Manatees (Family Trichechidae, genus Trichechus) are large aquatic mammals sometimes known as sea cows. The Trichechidae differ from the Dugongidae in the shape of the skull and the shape of the tail. Manatee's tails are paddle-shaped, while the Dugong's is forked.
Manatees inhabit shallow, marshy coastal areas of North, Central, and South America, and the Caribbean Sea.
It is an herbivore, spending most of its time grazing in shallow waters.
One species (Trichechus senegalensis) inhabits the west coast of Africa, another (T. manatus) inhabits the east coast of South America, and the West Indies. The Florida Manatee (T. inunguis) is by some considered a distinct species, by others it is thought to be a variety of T. americanus. It sometimes becomes 15 feet (4.6 meters) or more in length, and lives both in fresh and salt water. It was once hunted for its oil and flesh but is now legally protected.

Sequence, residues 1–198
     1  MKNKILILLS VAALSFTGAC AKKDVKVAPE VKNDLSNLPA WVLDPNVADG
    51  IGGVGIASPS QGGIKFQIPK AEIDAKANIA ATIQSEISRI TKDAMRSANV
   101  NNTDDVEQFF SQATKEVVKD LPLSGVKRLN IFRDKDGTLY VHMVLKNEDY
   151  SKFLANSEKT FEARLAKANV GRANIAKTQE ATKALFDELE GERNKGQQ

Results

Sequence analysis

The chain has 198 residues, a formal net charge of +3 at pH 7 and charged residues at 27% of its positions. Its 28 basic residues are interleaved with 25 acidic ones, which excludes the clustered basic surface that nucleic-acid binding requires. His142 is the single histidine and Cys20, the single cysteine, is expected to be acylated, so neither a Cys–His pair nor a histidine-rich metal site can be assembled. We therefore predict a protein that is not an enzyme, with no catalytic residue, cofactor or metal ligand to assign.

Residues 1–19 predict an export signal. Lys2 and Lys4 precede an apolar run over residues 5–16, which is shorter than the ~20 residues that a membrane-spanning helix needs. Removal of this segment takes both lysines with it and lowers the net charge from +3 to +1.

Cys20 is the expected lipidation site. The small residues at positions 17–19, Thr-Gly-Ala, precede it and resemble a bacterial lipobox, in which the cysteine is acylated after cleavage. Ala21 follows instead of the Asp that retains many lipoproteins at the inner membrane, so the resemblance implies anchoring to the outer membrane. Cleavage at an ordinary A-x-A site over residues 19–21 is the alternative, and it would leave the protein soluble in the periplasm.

In the United States, the manatee is an endangered species. Although it does not have any natural predators, human expansion has reduced its natural habitat in the coastal marsh areas, and many manatees are injured by the propellers of outboard motor boats.
Indigenous people of Central America made a preparation of dried manatee meat, which they called buccan. This meat became so popular among Spanish and Portuguese sailors along the Central American coast that they came to be called in slang buccaneers.
A similar creature is the extinct Steller's Sea Cow.